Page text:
"A pipeline is much safer than transporting oil by truck or by rail. We're blocking it because of fears that haven't been based on any study or fact gathering," Noem said. "If ever there was a time to build the Keystone pipeline, it's right now."
Noem said that even though Congress finally passed a farm bill earlier this year, members of Congress must monitor its implementation.
"You don't have go very far to talk to farmers who are concerned about how implementation is going to happen," Noem said. "We've got be there to be sure they don't go beyond the letter of the law and make sure it works for you out here."
Robinson obliquely referenced the primary charge against Noem in the 2012 campaign — that she skipped some meetings of the Agriculture Committee.
"It's difficult to bring multiple stakeholders together and to go to every ag committee meeting, to be a voice, to be a leader, to drive that negotiation," Robinson said. "You can't simply just show up to some meetings and take good notes and hope that once those doors are closed people will find a way to find compromise."
Robinson criticized Congress for doing a high wire act by letting the old farm bill expire and Noem for not working hard enough on the issue while financially benefitting from ag subsidies.
"The ag committee did not make it a priority to make sure the farm bill did not expire," she said, saying a bill that did pass the House committee was not bipartisan.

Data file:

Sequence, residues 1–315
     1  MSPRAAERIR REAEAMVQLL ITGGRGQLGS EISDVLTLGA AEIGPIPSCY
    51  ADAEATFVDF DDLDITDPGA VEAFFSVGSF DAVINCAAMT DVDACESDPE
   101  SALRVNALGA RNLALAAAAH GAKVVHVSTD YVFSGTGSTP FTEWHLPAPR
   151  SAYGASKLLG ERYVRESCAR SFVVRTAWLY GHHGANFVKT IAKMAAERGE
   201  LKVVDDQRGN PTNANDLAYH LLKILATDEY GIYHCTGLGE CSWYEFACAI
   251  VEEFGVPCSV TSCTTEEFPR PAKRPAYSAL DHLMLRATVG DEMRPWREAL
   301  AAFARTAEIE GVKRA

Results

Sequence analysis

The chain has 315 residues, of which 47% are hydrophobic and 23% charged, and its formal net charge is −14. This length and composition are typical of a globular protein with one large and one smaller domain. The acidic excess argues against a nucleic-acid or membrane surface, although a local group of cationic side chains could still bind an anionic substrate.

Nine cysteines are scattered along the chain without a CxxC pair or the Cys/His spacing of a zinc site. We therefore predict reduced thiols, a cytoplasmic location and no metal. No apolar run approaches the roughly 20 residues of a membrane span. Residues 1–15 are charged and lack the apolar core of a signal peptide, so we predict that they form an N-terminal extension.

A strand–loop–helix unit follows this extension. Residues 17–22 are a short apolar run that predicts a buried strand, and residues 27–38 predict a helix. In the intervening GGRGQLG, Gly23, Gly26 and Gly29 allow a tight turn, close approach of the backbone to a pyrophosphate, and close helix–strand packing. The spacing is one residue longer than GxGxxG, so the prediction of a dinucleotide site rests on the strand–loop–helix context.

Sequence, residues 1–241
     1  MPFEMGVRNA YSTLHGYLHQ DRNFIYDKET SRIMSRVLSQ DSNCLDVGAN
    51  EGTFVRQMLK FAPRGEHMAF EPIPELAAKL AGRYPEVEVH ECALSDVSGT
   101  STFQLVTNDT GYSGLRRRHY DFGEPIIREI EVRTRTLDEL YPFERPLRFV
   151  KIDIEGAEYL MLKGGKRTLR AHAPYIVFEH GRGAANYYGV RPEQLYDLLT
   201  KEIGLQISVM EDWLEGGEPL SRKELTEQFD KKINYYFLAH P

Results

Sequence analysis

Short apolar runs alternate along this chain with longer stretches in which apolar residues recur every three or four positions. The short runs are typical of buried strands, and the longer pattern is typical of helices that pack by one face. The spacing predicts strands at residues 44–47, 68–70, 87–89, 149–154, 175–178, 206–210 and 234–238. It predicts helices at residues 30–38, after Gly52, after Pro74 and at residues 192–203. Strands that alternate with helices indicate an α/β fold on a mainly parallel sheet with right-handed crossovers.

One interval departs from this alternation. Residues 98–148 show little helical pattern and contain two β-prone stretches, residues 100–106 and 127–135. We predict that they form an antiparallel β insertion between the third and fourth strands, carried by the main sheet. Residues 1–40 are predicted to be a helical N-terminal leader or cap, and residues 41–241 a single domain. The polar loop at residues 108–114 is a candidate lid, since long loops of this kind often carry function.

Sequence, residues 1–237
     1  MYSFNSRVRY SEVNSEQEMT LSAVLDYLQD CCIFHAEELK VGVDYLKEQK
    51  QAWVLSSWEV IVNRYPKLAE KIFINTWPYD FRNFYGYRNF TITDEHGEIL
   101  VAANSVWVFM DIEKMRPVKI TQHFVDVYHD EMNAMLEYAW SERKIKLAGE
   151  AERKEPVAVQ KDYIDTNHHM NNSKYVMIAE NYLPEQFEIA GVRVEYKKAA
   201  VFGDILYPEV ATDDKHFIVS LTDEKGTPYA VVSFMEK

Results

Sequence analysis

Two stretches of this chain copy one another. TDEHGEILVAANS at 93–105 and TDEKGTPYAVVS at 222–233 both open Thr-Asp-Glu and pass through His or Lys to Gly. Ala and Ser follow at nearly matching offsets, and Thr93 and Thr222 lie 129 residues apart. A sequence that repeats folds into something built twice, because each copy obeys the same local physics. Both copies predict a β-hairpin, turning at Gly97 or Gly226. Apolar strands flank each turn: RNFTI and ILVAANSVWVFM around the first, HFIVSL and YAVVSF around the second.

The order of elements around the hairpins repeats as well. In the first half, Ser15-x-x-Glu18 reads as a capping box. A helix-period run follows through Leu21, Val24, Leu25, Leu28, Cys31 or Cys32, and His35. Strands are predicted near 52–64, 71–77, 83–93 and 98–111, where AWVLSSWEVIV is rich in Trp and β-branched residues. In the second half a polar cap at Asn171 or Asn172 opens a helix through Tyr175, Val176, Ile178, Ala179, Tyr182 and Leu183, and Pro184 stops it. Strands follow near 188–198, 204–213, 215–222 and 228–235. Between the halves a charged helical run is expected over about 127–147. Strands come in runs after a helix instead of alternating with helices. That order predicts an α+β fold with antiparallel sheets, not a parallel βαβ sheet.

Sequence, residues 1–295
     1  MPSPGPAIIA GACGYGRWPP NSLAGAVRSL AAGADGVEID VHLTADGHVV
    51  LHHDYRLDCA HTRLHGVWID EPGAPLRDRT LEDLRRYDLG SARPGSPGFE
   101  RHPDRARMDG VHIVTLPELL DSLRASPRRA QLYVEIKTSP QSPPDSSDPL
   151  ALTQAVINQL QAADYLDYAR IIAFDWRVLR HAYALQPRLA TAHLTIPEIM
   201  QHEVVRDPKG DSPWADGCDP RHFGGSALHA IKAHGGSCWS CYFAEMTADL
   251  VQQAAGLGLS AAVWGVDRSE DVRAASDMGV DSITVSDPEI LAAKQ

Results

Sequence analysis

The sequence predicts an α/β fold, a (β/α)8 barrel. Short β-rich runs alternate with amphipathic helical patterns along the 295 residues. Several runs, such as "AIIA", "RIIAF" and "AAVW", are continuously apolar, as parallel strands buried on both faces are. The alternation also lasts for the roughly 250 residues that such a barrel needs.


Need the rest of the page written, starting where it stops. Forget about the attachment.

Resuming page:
Robinson said it's time to end calls to repeal the Patient Protection and Affordable Care Act, commonly called Obamacare.
She said Gov. Dennis Daugaard, a Republican, should have implemented the health care reform in South Dakota and used state resources to inform the public about how to access its benefits.
"The ACA was a long time in coming," Robinson said. "It was a good thing."
Noem said she would prefer to repeal it but in the meantime has worked on reforms, some of which have passed Congress and been signed by President Obama.
"I don't think all of the flaws can be fixed. I don't think it's the way to reform our health care system," Noem said. "In meantime, I've been working to make it better so it's workable. If House Republicans hadn't been championing those changes, they never would have happened."
Dakotafest political debates continue Wednesday, with gubernatorial candidates meeting at 12:30 p.m. and U.S. Senate candidates meeting at 2 p.m.
Ralph Roth, of Zell, said he was most interested in the discussions the two candidates had about the farm bill and Obamacare. He said he has mixed feelings about the farm bill, as so much of it has to do with food stamps and other entitlements.
"I don't know why they call it the farm bill, because such a small percentage of it goes to farmers," he said.
On Obamacare, Zell said he hasn't seen any positive effects of the legislation "Like she (Noem) said, we're still paying higher prices for insurance," he said.
Zell thought both candidates performed relatively equally in the debate, but that he preferred Kristi Noem.
"I've never really heard of the other lady," he said.
Henry Buitenbos, of Platte, believes Noem out-did her challenger.
"Kristi clearly won the debate," he said. "She had more solid answers and addressed the issues that I was most interested in."
"The fact is that she's going to keep tabs on the farm bill and make sure it's administered properly," he said.
The discussion about the EPA was interesting, and the discussion about roads and the Highway Trust Fund were significant, he said, because Charles Mix County has a lot of bridges that need replacing.